Kayak and paddle
Rock gardening
Sea kayaking off Rottnest Island
Sunset on the beach
Ningaloo, August 2020
Kayak and paddle
Rock gardening
Les in Surf Zone
Sunset on the beach
Ningaloo, August 2020

Jurien Bay Trip 2-4 March 2013

Jurien Bay Trip 2-4 March 2013
Jo Foley

Feature photo – 19 Kayaks awaiting departure from Jurien Marina – Photo by Ian Hollick.

The Jurien trip this year was a little different – instead of setting up camp in a different location each day we camped at the Apex Camping group and did day paddles out to the islands and along the coast. Most people headed up on Friday and set up camp – with a few turning up on Saturday morning.

We woke up to a glorious morning on Saturday and while having breakfast watched Skydivers making the most of the still conditions. There was a great turn out on Saturday morning of 19 people so the beach at the boat harbour was a spectacular site of many different fibreglass kayaks lined up. Jacki, Ian, Barry, Chris, Dave Oakley, Rob, Neesha, Wolfgang, Steve Haddon, Lance, Antony Mee, Gordon, Graham, Margaret, Jenny, Duncan, Alan and myself were briefed by Paul before setting off into the glassy waters as the wind was only about 3 knots. Antony’s partner Bronwyn waved us off and then enjoyed her day having coffee, going for walks and watching the skydivers land on the beach. Paddling the 5km toward Boullanger Island, some of us were lucky to see dolphins and a sting ray.

Continuing on the 3km to Escape Island we were unable to find a safe landing place so backtracked to Boulanger Island for a morning tea break on a lovely white sand beach. We decided we would still continue on to Essex Rocks as planned but that it would be at least a 26km paddle as opposed to 18km that was the original plan. Duncan and Jenny being fairly new to Sea Kayaking decided to head back to Jurien at that point.  The rest of us made our way over to Essex Rocks keeping clear of the shallow reefs with large breaking waves that were between us and the island.

The Sea Lions came out in force to greet us with at least a dozen in the water and at least that number basking out on the rocks. They seemed to take a liking to Margaret who at one stage was surrounded by them. Alan gave them a fright as he rolled his kayak but they came back for more, seeming to take it as a game. With the wind having picked up a little and a following sea we scooted over to Booka Valley on the mainland, where we had a well-earned lunch break. The seabreeze had picked up more so we had a bumpy ride back to town. There were some weary souls when we finally made it the 26km back to the boat harbour.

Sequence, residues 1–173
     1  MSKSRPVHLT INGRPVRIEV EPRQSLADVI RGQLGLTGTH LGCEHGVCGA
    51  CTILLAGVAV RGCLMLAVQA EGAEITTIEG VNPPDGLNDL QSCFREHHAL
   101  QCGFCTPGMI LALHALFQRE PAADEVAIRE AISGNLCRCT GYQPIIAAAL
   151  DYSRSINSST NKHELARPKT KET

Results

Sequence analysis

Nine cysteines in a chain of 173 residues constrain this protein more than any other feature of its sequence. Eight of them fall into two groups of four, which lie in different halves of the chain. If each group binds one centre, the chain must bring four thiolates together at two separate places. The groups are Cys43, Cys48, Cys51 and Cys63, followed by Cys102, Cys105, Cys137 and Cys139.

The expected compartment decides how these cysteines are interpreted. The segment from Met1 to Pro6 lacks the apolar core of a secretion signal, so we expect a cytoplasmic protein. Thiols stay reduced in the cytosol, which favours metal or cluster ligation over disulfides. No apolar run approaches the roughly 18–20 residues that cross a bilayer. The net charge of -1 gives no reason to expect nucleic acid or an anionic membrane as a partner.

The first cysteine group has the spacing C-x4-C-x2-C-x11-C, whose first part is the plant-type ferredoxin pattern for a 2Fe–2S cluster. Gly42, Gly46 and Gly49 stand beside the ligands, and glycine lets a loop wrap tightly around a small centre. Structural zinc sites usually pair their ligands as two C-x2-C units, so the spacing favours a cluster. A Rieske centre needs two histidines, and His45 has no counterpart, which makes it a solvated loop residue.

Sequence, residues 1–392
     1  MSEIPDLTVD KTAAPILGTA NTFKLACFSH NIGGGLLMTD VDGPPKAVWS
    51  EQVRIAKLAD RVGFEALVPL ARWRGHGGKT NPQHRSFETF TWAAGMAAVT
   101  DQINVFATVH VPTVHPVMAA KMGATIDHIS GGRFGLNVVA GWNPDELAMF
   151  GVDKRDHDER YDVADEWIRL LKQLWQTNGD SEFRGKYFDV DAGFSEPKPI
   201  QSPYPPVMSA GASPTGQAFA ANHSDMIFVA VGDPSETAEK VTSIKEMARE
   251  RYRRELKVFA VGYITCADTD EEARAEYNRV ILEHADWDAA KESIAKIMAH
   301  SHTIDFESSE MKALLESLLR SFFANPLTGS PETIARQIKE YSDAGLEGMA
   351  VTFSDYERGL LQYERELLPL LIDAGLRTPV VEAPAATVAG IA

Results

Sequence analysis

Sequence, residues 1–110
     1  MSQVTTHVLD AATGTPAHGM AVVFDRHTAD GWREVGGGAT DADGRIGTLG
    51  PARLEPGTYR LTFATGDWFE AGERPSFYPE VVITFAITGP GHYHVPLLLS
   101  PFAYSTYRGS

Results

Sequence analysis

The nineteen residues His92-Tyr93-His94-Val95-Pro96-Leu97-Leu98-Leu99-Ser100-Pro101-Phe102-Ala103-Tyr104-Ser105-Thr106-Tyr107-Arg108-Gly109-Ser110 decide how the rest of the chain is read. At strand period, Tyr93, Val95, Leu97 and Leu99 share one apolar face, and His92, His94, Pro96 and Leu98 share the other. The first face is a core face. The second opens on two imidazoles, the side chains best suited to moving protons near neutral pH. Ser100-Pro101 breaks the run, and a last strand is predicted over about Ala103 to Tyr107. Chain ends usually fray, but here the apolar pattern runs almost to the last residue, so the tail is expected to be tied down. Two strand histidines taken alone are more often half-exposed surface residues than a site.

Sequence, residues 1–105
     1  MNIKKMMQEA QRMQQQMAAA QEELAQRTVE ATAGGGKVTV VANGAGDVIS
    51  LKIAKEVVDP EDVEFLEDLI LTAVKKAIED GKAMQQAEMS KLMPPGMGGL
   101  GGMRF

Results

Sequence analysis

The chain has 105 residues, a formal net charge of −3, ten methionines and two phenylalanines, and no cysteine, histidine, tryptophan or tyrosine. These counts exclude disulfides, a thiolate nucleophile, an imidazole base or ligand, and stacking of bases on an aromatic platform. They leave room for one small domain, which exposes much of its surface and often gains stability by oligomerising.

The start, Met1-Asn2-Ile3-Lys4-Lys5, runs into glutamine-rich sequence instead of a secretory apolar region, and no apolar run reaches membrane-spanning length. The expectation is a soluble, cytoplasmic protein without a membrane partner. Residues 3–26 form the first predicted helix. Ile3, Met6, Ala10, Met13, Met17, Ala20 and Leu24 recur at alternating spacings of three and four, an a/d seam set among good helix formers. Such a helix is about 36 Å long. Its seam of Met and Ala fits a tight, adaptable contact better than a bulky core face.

We decided to take the night off cooking so headed to the tavern for a meal, a bevvy or 2 and a few yarns. Although it was a calm night there was wind of  another kind – who was that?!?!

Dinner the easy way – Photo by Neesha Copley.

Sunday dawned blue skies and with virtually no wind which is pretty lucky for Jurien. A few paddlers were unable to make the longer paddle to North Head due to injury, aching joints, tiredness or needing to leave a bit earlier. So, after discussion with Paul, it was agreed that they should form a peer paddle to Favourite Island and back as an alternative option.

Here is Jacki’s trip report on the Peer Paddle to Favourite Island:
A pod of nine paddlers left Jurien Marina and paddled a leisurely 4km to Favourite Island, led by Graham Place and joined for a short while half way across by an inquisitive dolphin. Once at the island, we decided to have a look around the back and paddled 1.5km around through some reef and back wash waves from the island (a bit like the south wall ‘washing machine’ at Hillarys). Graham and Jacki had a bit of an unintentional surf round to the front of the island where we all landed safely on the beach. After morning tea and some paddling stories we headed back 4km to the Marina with a bit more wind to help us out. All in all, a very pleasant paddle to complement the tougher 26km paddle of day 1. We finished off with some rolling practice and cooling down in the Marina. I’d like to thank Paul Cooper as Sea Leader and Jo Foley for organising the weekend. It was a most enjoyable paddle.